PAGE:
The Hegemony of Deaders: Where Wicca Goes Just as Wrong as Christianity Does

Jack Saunsea’s blog features a recent entry entitled Are You a Tool?. You can read the post for yourself if you want to know what it says, but it led me to reflect on one of the things I consider most valuable and important: the autonomy and freedom of the living, of which we are so often deprived by various agencies with interests inimical to our own. Chief among these is the Christian, Moslem and Jewish God, who demands that our lives serve his purpose instead of ours, and thereby exacts self-abasement and life-sacrificing servility from us under threat of having us endure torment forever after death if we don’t obey. But pagans are no better, as they serve the interests of pagan deities, be those deities Osiris or Diana. In their case also, the deity is not the same as the worshipper, so that, at some point, the deity’s interests are guaranteed to diverge from those of the worshipper, and the worshipper will inevitably be ordered to sacrifice herself in order to benefit the deity. So the practices of Wicca are no less pernicious than the Christian “humbling youself before God.” In both cases, a person is forced to throw away her life for the benefit of something that is not even alive.

My term, “deaders,” refers to all self-driven entities that are not alive. These include God, Osiris, Diana, and some people’s conception of our own souls. I’ve heard the lying trope that “your soul is you” and scoffed at it many times. Your soul is NOT you. It is something completely different from you, something just as eternal as you are temporal, and therefore something that wants different things from your life than the ones you want. The living seek happiness during our brief lives. Our souls, meanwhile, seek to make us suffer for the sake of harvesting “experience” in order to discharge “karma.” That is pernicious exploitation of the living and is simply evil and wrong. Something should be done about it.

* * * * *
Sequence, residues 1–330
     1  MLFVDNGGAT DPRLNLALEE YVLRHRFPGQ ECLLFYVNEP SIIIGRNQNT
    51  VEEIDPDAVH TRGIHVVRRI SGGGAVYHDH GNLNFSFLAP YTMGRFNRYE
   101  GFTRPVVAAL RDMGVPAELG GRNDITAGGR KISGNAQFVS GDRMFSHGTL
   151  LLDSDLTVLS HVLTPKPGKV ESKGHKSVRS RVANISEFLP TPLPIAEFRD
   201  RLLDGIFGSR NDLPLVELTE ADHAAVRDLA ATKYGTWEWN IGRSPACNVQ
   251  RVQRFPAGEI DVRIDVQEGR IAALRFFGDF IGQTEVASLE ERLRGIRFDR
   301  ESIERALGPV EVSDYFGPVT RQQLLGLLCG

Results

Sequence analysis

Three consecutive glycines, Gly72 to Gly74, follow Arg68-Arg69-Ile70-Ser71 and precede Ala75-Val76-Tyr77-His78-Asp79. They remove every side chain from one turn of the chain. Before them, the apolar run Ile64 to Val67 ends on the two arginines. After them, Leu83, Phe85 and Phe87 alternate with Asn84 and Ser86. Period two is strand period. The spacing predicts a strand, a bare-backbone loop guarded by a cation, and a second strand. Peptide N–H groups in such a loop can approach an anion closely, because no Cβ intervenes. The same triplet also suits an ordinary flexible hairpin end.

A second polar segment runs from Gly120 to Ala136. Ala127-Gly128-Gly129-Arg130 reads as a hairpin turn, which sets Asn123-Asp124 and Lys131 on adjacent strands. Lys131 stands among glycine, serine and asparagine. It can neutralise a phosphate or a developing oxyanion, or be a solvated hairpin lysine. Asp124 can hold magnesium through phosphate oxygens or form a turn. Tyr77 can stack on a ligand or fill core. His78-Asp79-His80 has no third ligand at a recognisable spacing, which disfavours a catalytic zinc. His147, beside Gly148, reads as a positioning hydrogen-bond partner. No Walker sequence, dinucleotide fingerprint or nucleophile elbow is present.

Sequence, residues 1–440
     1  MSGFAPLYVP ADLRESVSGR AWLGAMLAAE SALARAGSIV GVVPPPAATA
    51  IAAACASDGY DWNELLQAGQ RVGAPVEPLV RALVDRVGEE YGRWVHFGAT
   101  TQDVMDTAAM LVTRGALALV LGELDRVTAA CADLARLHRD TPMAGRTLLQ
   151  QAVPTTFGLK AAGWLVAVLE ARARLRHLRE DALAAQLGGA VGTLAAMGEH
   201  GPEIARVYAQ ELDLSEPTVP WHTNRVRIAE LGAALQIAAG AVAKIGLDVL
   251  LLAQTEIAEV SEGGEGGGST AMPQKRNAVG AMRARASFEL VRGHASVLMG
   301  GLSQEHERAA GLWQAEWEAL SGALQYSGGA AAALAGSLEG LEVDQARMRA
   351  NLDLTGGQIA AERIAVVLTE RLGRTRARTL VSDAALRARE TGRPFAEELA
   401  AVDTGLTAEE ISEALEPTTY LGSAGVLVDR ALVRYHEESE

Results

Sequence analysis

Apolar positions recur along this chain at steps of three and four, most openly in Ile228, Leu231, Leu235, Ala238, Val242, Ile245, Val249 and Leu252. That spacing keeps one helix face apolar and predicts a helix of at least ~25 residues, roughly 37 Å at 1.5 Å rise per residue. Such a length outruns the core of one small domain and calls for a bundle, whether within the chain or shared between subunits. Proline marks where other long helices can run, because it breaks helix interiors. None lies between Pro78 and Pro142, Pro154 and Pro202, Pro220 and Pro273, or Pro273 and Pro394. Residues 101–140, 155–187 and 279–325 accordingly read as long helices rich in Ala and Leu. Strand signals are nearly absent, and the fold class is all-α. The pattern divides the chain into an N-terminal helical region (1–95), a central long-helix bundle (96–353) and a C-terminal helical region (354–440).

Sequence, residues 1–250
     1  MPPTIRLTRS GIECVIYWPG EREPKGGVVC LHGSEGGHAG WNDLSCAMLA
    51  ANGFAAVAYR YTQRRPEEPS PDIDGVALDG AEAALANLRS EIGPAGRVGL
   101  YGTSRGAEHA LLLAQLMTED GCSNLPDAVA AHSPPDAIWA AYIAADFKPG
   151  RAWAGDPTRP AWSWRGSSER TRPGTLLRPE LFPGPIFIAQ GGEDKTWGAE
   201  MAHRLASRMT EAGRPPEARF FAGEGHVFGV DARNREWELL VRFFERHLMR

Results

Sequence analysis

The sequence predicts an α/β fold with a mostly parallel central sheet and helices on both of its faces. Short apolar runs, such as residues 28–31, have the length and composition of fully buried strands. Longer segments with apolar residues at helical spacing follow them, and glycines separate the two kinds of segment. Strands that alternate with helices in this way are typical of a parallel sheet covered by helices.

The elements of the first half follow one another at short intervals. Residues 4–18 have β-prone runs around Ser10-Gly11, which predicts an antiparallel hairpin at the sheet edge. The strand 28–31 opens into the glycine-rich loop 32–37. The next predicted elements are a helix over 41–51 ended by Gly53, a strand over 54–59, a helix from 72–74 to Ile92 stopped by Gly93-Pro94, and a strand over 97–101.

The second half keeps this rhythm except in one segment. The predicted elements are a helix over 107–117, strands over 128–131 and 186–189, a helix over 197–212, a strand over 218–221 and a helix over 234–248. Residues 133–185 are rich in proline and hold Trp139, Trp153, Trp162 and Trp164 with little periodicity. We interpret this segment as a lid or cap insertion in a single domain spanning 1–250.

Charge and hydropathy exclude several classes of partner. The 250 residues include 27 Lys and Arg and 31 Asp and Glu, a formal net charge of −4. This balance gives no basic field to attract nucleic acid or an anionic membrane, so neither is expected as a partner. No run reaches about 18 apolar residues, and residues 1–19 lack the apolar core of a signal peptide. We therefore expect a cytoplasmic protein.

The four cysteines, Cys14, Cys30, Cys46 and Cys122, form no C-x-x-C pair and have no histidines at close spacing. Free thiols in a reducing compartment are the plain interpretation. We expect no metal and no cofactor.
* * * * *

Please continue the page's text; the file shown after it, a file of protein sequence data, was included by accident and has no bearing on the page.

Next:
Yet what can be done about it? Probably not much. It’s unlikely that anyone can live without being infested with that parasite called a soul. We shall always be unhappy and tormented because of the Machiavellian manipulations of our own soul-parasites, which partly control us and deprive us not only of autonomy but of meaningful choice. That my own deader is permitting me to write and publish this is a wonder, but there is no doubt that it’s one step ahead of me even as I do so. Ultimately, the living are defeated by the very frauds that pose as our essences.

One thing we are able to do, however, is to stop believing the lies on which all spiritual leaders since the dawn of our species have cynically agreed in their public statements: the falsehoods that our souls are us, that we have some kind of debt to those who would exploit us just because they are spiritual rather than living, and that the servility to deaders that grants power to spiritual leaders is of any benefit to us, their flocks. Even if we are powerless to avoid unhappiness, we can still avoid being deceived. Ultimately, the only thing any of us has, and cannot be robbed of, is her conscience. It is in the name of that conscience we all share that I ask everyone reading this to defy the servility that those who would exploit us, demand of us. It might not do us any good, but the misery that deaders force us to undergo would be cleansed by the denial of our consent.